Occludin is a protein component of the membrane domain of tight junctions, and has been shown to be phosphorylated in vivo in cultured cells and Xenopus laevis embryos. However, nothing is known about the identity of specific occludin kinase(s) and occludin phosphorylation site(s). Furthermore, nothing is known about the interaction of occludin with cingulin, a cytoplasmic plaque component of tight junctions. Here we report the isolation and sequencing of a complete X. laevis occludin cDNA, and experiments aimed at mapping X. laevis occludin in vitro phosphorylation site(s) and characterizing occludin interaction with cingulin. The sequence of Xenopus occludin is homologous to that of occludins from other species, with identities ranging from 41% to 58%. Bacterially expressed domain E of Xenopus occludin (amino acids 247-493) was a good substrate for protein kinase CK2 (stoichiometry 10.8%, Km 8.4 microM) but not for CK1 kinase, protein kinase A, cdc2 kinase, MAP kinase or syk kinase. Residues Thr375 and Ser379 were identified as potential CK2 phosphorylation sites in this region based on sequence analysis. Mutation of Ser379 to aspartic acid or alanine reduced phosphorylation by CK2 by approximately 50%, and double mutation of Ser379 into aspartic acid and Thr375 into aspartic acid essentially abolished phosphorylation. Glutathione S-transferase (GST) pull-down experiments using extracts of Xenopus A6 epithelial cells showed that constructs of GST fused to wild-type and mutant forms of the C-terminal region of X. laevis occludin associate with several polypeptides, and immunoblot analysis showed that one of these polypeptides is cingulin. GST pull-down experiments using in vitro translated, full-length Xenopus cingulin indicated that cingulin interacts directly with the C-terminal region of occludin.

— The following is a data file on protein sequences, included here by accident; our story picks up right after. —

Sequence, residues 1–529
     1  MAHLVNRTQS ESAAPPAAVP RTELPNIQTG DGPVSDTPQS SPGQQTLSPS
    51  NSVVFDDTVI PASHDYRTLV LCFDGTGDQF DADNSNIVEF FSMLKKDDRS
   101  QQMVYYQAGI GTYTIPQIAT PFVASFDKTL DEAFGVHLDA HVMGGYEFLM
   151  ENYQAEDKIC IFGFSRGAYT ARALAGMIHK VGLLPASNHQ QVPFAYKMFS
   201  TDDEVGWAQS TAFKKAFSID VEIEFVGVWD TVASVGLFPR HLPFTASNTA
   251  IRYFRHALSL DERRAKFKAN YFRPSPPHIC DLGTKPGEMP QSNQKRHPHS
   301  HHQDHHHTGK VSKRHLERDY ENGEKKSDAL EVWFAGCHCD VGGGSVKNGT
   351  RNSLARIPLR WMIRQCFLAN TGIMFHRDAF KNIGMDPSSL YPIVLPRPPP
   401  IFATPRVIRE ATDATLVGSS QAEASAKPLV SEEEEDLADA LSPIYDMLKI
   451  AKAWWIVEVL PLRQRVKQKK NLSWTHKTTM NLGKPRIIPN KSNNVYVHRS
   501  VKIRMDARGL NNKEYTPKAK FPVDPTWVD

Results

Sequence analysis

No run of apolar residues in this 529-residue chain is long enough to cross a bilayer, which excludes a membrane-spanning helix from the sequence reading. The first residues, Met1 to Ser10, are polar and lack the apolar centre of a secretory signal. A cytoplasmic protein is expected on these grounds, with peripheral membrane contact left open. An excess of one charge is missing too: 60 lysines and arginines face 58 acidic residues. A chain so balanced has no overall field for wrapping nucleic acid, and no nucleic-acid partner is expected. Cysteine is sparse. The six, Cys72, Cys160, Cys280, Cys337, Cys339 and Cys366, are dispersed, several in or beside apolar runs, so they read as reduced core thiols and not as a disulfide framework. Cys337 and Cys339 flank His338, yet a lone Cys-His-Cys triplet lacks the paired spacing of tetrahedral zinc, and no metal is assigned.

Xenopus laevis occludin. Identification of in vitro phosphorylation sites by protein kinase CK2 and association with cingulin

CORDENONSI, MICHELANGELO;MARTINUCCI, GIAMBRUNO;MEGGIO, FLAVIO;CITI, SANDRA
1999

Abstract

Occludin is a protein component of the membrane domain of tight junctions, and has been shown to be phosphorylated in vivo in cultured cells and Xenopus laevis embryos. However, nothing is known about the identity of specific occludin kinase(s) and occludin phosphorylation site(s). Furthermore, nothing is known about the interaction of occludin with cingulin, a cytoplasmic plaque component of tight junctions. Here we report the isolation and sequencing of a complete X. laevis occludin cDNA, and experiments aimed at mapping X. laevis occludin in vitro phosphorylation site(s) and characterizing occludin interaction with cingulin. The sequence of Xenopus occludin is homologous to that of occludins from other species, with identities ranging from 41% to 58%. Bacterially expressed domain E of Xenopus occludin (amino acids 247-493) was a good substrate for protein kinase CK2 (stoichiometry 10.8%, Km 8.4 microM) but not for CK1 kinase, protein kinase A, cdc2 kinase, MAP kinase or syk kinase. Residues Thr375 and Ser379 were identified as potential CK2 phosphorylation sites in this region based on sequence analysis. Mutation of Ser379 to aspartic acid or alanine reduced phosphorylation by CK2 by approximately 50%, and double mutation of Ser379 into aspartic acid and Thr375 into aspartic acid essentially abolished phosphorylation. Glutathione S-transferase (GST) pull-down experiments using extracts of Xenopus A6 epithelial cells showed that constructs of GST fused to wild-type and mutant forms of the C-terminal region of X. laevis occludin associate with several polypeptides, and immunoblot analysis showed that one of these polypeptides is cingulin. GST pull-down experiments using in vitro translated, full-length Xenopus cingulin indicated that cingulin interacts directly with the C-terminal region of occludin.
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Utilizza questo identificativo per citare o creare un link a questo documento: https://hdl.handle.net/11577/2467351
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